Cloud Elementary was built in 1954. The school is named for Henry Roe Cloud, a full-blooded Winnebago Indian who’s original name was Wo-Na-Xi-Lay-Hunka. He was born in a wigwam on December 28, 1884 in what is now Winnebago, Nebraska. His parents died in 1896 and 1897 leaving him an orphan.
In 1901 Cloud moved to a private prep school known then as Mount Hermon Preparatory School. He paid his way through a work study program at the school. He graduated in 1906 as a salutatorian.
He went on to Yale, becoming the first full-blood Native American to attend the prestigious school. He graduated with honors completing three degrees including a bachelor of arts in psychology and philosophy.
While at Yale, Cloud attended a lecture by Mary Wickham Roe, a prominent family involved in evangelical Christian mission work. He became friends with her and her husband, Rev. Dr. Walter Roe. The couple eventually adopted him, and he took their name as his middle name.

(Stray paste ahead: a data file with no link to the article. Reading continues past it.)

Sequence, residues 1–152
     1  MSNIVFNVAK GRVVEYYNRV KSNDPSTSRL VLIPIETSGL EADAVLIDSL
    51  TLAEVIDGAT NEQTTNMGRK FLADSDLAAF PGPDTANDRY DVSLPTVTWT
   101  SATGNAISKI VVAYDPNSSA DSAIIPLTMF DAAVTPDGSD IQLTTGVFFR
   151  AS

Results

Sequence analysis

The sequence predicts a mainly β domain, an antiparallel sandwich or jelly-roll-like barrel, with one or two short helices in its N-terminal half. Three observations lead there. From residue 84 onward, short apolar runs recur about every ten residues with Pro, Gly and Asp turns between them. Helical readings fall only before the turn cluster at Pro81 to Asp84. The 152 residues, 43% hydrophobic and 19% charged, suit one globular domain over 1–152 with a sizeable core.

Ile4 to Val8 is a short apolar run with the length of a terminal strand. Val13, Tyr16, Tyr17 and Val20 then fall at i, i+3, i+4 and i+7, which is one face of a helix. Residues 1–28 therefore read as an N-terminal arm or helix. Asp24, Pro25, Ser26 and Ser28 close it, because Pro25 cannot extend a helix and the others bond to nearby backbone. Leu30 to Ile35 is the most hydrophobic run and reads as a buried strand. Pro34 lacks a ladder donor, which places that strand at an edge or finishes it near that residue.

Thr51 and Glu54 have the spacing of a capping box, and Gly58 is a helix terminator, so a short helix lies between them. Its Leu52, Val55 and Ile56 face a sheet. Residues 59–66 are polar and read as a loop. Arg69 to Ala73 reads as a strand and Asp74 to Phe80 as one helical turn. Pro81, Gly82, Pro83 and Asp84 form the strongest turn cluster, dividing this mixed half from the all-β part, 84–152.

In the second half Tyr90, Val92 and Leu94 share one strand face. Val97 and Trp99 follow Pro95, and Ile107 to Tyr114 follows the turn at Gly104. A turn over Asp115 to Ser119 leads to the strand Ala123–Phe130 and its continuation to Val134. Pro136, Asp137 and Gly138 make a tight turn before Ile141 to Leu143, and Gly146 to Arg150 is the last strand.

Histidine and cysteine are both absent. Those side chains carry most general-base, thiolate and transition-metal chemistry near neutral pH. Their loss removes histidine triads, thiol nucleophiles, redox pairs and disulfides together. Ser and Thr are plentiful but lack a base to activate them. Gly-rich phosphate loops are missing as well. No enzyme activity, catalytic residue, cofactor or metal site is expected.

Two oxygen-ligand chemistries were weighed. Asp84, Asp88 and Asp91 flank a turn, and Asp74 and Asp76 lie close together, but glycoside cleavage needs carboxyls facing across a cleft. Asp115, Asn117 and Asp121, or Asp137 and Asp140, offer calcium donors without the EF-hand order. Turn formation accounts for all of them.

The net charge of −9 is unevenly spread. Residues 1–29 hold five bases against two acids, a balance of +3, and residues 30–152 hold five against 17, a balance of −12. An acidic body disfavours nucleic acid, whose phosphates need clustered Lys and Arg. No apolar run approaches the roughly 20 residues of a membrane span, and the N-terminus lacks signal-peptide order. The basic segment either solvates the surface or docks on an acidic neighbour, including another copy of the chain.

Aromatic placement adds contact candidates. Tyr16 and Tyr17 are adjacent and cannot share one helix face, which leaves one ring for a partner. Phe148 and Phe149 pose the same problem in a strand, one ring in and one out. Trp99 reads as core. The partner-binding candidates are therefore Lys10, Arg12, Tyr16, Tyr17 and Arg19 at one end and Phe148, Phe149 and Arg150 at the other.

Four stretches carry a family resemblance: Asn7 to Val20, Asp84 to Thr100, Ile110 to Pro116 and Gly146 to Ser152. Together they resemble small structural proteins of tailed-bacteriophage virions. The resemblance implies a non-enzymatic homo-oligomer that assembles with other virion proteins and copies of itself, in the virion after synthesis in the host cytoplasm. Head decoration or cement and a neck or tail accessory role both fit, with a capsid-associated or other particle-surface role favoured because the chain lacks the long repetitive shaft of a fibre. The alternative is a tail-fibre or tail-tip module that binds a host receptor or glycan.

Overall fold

He earned a bachelor of Divinity and became a Presbyterian minister in 1913.
In 1915, he founded the American Indian Institute at 4000 East 21st Street in Wichita.
In the 1920’s he advocated for under-educated Indians to go to college. He would later Co-author the Merriam Report on “The Problem of Indian Administration” which led to major reforms in the way Native American reservations were run.
In 1947, he moved to Oregon, where he served as superintendent of the Umatilla Indian Agency then, a year later, became regional representative for the Grande Ronde and Siletz Indian Agencies in Oregon.
In 1931, he was assigned to the position of Field Representative of Indian Affairs for the entire nation.
In 1932 Cloud went back to school and graduated from Emporia College with a Doctorate of Divinity.
In 1933 he became superintendent of what is now known as Haskell Indian Nations University in Lawrence, KS.
Cloud died of a heart attack in Siletz, Oregon on February 9, 1950. He was buried in Beaverton, Oregon.
Dr. Cloud’s wife, Elizabeth spoke at the dedication of Cloud Elementary. The building served the neighborhood for years until Waco, Finn, and Cloud were merged into one school.
A new school building, still bearing his name, was completed in 1974 and an addition was built in 1997.
Did you go to Cloud? Add a fond memory or talk about your favorite teacher or one of the school’s traditions in the comments.
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